シュート, or Shuuto(“Shoot” but with a Japanese accent), is a pitch that sort of “doesn’t exist” in the American baseball.
It’s often described as a pitch with unique movement that hasn’t existed.
That’s obviously not the case. It has always existed in America.
What is it?
It’s a reverse-gyro Twoseamer.
Simply put: A sinker with little sink and a lot of run.
To understand why how it works, you have to begin with the difference of Japanese fastballs:
The Japanese Fastball
In most of (especially old school) Japanese baseball, fastballs are taught to be thrown as straight as possible.
Many coaches don’t like the lateral break on the fastball, and they coach their athletes to remove the movement.
They even call the pitch ストレ―ト, or “straight“.
Hence, most Japanese fastballs have a spin axis between 12:00 ~ 12:30, which is pretty different from the American 12:45 ~ 1:15 range.
This actually led to the success of Japanese pitchers in MLB, as they all posted a crazy-high vertical movement on their fastball. For example:
- Average 1:00 axis fastball: 16in vertical movement
- Uehara Koji: ~21in vertical movement
- Nomo Hideo: ~22in*
- Darvish Yu: ~19in
- Tanaka Masahiro: ~18in
- Maeda Kenta: ~18in
If you’ve had any interest in pitch design, you’d already know that having even +3in vertical movement compared to the average is a massive advantage.
A higher axis can have its cost: less armside run. Although, in the case of fastballs it can be a good thing, since having less run essentially means that the ball cuts compared to the averages.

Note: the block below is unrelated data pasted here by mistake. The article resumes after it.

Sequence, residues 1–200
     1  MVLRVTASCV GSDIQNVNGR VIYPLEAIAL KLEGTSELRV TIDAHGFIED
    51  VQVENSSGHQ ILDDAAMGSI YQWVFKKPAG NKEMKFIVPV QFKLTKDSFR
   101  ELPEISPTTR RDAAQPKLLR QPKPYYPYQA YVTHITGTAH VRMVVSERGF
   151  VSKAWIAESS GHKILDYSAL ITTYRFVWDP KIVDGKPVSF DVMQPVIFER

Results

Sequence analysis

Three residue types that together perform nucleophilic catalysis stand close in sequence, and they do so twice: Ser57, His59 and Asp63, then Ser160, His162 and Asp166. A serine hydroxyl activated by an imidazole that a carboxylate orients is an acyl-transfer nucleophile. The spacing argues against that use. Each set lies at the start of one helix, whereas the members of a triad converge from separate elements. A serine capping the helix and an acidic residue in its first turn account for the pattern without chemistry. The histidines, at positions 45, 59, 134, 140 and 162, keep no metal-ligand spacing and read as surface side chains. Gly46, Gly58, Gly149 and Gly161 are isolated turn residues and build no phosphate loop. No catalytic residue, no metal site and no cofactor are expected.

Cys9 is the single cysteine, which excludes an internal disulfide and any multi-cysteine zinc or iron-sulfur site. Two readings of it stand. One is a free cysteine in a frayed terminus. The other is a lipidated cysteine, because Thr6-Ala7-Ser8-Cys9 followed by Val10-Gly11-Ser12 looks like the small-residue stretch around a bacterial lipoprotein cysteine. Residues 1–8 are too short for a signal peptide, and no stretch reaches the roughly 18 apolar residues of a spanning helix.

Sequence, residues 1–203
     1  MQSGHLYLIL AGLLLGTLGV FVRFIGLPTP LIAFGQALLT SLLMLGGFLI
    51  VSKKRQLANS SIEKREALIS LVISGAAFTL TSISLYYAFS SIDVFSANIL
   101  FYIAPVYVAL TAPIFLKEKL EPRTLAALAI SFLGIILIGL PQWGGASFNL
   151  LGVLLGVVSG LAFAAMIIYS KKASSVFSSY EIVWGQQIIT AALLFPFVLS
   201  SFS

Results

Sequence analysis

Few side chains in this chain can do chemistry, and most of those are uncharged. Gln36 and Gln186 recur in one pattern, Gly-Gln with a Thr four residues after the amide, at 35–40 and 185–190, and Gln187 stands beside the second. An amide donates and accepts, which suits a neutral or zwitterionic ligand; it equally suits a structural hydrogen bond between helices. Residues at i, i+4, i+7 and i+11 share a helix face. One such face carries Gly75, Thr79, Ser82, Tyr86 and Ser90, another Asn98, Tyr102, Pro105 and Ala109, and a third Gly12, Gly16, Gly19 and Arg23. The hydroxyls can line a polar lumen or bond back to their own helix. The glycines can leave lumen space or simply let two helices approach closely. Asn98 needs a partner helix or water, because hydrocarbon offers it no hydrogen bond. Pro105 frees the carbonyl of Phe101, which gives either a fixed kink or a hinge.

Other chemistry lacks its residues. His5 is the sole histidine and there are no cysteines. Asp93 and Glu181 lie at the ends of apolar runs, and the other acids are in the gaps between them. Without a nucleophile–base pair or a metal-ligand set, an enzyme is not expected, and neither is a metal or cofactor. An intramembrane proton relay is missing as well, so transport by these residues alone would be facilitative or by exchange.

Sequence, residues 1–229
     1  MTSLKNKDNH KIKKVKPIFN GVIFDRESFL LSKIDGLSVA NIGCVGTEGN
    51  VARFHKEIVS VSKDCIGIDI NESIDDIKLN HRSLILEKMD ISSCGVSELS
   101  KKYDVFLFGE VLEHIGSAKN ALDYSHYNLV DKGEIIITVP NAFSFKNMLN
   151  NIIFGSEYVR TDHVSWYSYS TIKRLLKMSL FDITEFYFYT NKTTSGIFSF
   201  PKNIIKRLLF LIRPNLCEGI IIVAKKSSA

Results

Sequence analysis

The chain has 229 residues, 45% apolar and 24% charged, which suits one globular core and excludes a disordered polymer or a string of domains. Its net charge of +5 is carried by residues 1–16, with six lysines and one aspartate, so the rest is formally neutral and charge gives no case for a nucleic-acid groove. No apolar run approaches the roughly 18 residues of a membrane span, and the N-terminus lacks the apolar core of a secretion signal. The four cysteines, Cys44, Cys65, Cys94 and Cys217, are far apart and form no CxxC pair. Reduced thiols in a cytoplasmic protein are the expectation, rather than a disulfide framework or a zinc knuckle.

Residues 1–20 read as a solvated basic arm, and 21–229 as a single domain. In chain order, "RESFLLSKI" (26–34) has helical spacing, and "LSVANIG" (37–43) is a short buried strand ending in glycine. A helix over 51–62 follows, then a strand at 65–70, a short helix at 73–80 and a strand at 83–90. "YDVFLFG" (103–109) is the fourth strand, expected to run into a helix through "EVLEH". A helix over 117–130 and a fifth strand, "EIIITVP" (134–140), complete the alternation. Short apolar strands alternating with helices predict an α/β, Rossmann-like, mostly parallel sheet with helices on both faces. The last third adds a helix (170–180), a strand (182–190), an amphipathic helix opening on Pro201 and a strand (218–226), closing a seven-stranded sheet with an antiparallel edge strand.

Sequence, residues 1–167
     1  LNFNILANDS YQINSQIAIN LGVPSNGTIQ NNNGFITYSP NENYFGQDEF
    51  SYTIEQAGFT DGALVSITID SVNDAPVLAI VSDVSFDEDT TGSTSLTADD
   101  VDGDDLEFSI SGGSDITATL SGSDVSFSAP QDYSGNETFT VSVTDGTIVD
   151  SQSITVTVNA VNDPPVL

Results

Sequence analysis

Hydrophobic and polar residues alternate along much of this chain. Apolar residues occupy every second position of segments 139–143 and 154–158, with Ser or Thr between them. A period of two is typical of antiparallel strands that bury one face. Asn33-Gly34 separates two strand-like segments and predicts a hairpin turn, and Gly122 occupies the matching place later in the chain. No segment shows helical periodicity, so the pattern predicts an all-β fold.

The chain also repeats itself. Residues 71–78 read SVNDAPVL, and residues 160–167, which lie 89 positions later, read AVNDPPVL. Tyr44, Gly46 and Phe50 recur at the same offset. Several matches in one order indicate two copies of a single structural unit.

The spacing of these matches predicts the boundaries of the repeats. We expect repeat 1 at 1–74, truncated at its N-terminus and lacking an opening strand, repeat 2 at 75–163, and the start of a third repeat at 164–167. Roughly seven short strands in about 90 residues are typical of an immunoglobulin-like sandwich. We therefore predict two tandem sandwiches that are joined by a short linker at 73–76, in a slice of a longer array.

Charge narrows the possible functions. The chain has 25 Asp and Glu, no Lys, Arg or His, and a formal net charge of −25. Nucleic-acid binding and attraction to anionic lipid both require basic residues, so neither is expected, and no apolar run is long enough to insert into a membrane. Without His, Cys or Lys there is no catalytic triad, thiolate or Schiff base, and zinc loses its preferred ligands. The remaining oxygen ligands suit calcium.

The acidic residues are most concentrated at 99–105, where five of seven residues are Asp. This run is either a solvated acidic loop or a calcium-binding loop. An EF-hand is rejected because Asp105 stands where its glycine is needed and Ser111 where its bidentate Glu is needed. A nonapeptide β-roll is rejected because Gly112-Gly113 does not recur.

Spin Axis and Movement
Remember, that when it comes to a spin axis of a pitch and its separation from fastball, the following rules apply:
- Clockwise axis tilt up to 1:30, adds sink and even more run
- Axis tilt 1:30 ~ 3:00* adds sink and less run
- Gyro tilt adds sink and takes off run
Why does the concept of shuuto only exist in Japan?
It has to do with the break.
Let’s say that the typical arm side moving fastball will tilt the fastball axis 1:00 clockwise.
- For a standard American pitcher, it will be around 2:00
- For a standard Japanese pitcher, it will be around 1:15
Let’s translate that with 20 inches of movement for all pitches:
- Fastball A: 18in vertical, 9in horizontal
- Fastball J: *20in vertical, 2in horizontal
- Twoseam A: 9in vertical, 18in horizontal
- Twoseam J: *16in vertical, 12in horizontal
That results in the break(separation between pitches) of:
- A: 9in vertical, 9in horizontal
- J: 4in vertical,12in horizontal
In the case of American two-seamers, there was both vertical and horizontal break.
In the case of Japanese two-seamers, there wasn’t much vertical break, but a HUGE 12 inches of horizontal break.
*This is a slightly more advanced concept.
The majority of sinkers in MLB uses seam-shifted wakes. Especially the good ones, use a lot. And good SSW requires a gyro axis.
Because the added wake force on the baseball is mostly downwards for sinkers. They mostly sink rather than run, which is best achieved by having maximal magnus force going sideways.
That happens to be the case with shuuto.
It makes sense, how the sinker is much more common in America, and how the shuuto is much more common in Japan.
Wasn’t anything out of the ordinary:
Japanese pitchers tend to have higher arm slots, which makes the two-seamers have more run compared to the sink.